CAC supports construction of national cathedral; TUC kicks against it
The President of the Christ Apostolic Church (CAC) of Ghana, Apostle Abraham Amoh, has waded into the controversy surrounding the construction of the national cathedral in Accra as he rather wants it to be funded with the tax payer’s money since it will serve the interest of the nation.
According to him, the construction of the cathedral was long overdue and the decision to spearhead its construction by President Nana Addo Dankwa Akufo-Addo was in the right direction as it would be used for religious and national ceremonies.
Speaking to the Daily Graphic in Kumasi, Apostle Amoh commended the President for having the vision of blessing the nation with such a monument since it would enhance the nation’s development.
He said looking at the crucial role Christianity had played in the nation’s history, the government funding such a national monument would not be out of place at all since it would rather motivate the Christian community in the country to work extra hard towards the development of the nation.
The national cathedral, expected to have 5000 seating capacity, is a planned interdenominational Christian cathedral scheduled to be built in Accra as part of Ghana's 60th anniversary celebrations.
President Akufo-Addo pledged the construction of a national cathedral and cut the sod for its construction last year.
A piece of land has been secured, architectural works completed and the Christian community tasked to use innovative means to pool resources for the construction.
The initiative, siting and the funding of the project have for the past months generated several debates at various levels as some condemned its urgency, lack of cash, among other issues.
Apostle Amoh, wondered why some Ghanaians, including some Christians, would rush into condemning the construction of such an important facility needed badly by the nation.
The president of CAC expressed surprised at those lamenting that the nation did not have enough cash at the moment so it should be suspended until such a time when the nation had enough funds.
“Are those people telling me former President Kwame Nkrumah waited till the nation had enough cash before he constructed the Akosombo Dam, Tema Harbour, Tema Motorway and many other projects which the nation is benefiting from today?”, Apostle Amoh asked.
The soft-spoken Apostle urged membership of the various faith-based organisations in the country to throw their weight behind the construction of the cathedral since it was not going to benefit only the Christian community but the entire nation.
Apostle Amoh stated that, “would the construction of the national edifice prevent the construction of schools, health facilities, roads, as well as smooth execution of other social intervention initiatives of the nation, of course no, why then must a group of people gang up against such a good project that can promote national development and peace”.
He wondered why people were quiet as governments kept supporting Muslims every year to embark on a pilgrimage to Mecca, as well as the donations sent to the Muslim community every year during the Ramadan fasting period in the country.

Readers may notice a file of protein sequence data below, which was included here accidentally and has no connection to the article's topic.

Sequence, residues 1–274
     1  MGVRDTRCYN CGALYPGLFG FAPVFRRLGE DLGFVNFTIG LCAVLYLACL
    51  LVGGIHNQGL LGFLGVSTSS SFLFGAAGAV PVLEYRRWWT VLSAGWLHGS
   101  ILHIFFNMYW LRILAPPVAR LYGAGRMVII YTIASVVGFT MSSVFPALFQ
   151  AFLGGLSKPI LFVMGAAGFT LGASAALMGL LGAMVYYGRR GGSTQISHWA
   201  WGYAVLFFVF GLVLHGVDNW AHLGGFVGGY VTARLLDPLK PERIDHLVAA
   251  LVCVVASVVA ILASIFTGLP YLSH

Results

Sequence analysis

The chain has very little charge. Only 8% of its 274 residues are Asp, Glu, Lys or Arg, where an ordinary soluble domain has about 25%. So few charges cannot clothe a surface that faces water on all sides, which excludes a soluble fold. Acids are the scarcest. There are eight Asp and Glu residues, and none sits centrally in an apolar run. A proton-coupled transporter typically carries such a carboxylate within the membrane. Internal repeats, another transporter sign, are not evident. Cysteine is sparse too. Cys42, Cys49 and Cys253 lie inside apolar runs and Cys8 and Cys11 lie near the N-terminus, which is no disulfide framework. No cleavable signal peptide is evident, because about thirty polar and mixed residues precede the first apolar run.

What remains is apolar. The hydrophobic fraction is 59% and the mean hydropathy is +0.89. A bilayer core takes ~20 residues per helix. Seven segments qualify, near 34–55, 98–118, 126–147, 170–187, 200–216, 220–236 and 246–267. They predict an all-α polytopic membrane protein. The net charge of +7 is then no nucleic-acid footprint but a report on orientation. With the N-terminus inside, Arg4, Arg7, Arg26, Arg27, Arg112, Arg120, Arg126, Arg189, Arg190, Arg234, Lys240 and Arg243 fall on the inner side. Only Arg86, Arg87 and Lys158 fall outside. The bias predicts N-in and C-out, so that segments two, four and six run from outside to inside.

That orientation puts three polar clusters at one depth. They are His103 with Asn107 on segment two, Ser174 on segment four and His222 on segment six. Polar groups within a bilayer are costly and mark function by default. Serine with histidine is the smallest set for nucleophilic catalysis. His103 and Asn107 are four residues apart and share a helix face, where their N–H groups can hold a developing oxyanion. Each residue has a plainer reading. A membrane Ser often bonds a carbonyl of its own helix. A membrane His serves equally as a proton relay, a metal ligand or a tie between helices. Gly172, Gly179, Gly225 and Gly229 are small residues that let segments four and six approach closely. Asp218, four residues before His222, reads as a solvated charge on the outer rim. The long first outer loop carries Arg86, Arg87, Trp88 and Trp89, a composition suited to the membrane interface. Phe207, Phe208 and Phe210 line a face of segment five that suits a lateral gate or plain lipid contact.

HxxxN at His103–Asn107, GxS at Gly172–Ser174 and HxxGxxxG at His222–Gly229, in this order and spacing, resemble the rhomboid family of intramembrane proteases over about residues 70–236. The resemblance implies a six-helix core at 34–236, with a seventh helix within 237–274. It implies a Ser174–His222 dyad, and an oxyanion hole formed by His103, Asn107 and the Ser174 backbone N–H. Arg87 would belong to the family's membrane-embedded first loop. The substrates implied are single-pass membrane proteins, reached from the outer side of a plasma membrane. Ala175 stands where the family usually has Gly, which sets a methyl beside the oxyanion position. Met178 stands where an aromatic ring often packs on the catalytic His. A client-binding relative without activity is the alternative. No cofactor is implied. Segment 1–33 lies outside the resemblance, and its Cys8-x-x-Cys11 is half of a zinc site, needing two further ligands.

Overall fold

“No Christian has spoken against the donations and support presented to Muslims by the government during Hajj and during the Ramadan fast because as Christians, we respect other religions and support their co-existence hence the peace that prevails in the country as well as we all do things as one people”, Apostle Amoh said.
But TUC kicks against it
Meanwhile, the Trades Union Congress (TUC), Ghana has called on President Nana Addo Dankwa Akufo-Addo to shelve the plan of constructing a national cathedral.
It said there were issues of national importance that the government could use the scarce resources to address instead of building a national cathedral.
It said failure to heed the appeal of the TUC would result in the organised labour body inviting Ghanaians to join the TUC to campaign vehemently against what it called “this misplaced priority and to protect the national purse”.
A statement signed by its Secretary-General, Dr Yaw Baah, and issued in Accra yesterday, said the TUC would continue to support the government initiatives that sought to address the social and economic challenges facing the country, including the President’s vision of Ghana Beyond Aid, the Free SHS programme, the Nation Builders Corps (NaBCo) programme and similar progressive projects.
“But we cannot support the construction of a national cathedral. We believe even the Good Lord will not approve this project, given the social and economic challenges facing Ghana today,” it said.
It said the national cathedral could never and should never be a “priority among priorities” as President Akufo-Addo was reported to have said of the cathedral.
It said more than six million Ghanaians currently did not have access to clean water while one out of every four Ghanaian children was affected by chronic malnutrition; anaemia affected 66 per cent of young children and 42 per cent of women of child-bearing age, and only 15 per cent of urban residents and six per cent of rural residents had access to sanitation facilities.
It said a very significant number of households lacked access to toilet facilities and so open defecation was quite common, whereas there was only one doctor for 8,000 Ghanaians compared to the World Health Organisation’s (WHO’s) standard of one doctor for 5,000 people, while in some regions there was only one doctor for over 50,000 residents.
The statement said many children were dying needlessly from malaria and other preventable diseases while the amount of money available for health care for Ghanaians under the National Health Insurance Scheme (NHIS) was just about GH¢120 per person per year.
“Pregnant and nursing mothers and their babies are sleeping on wooden benches and in hallways in.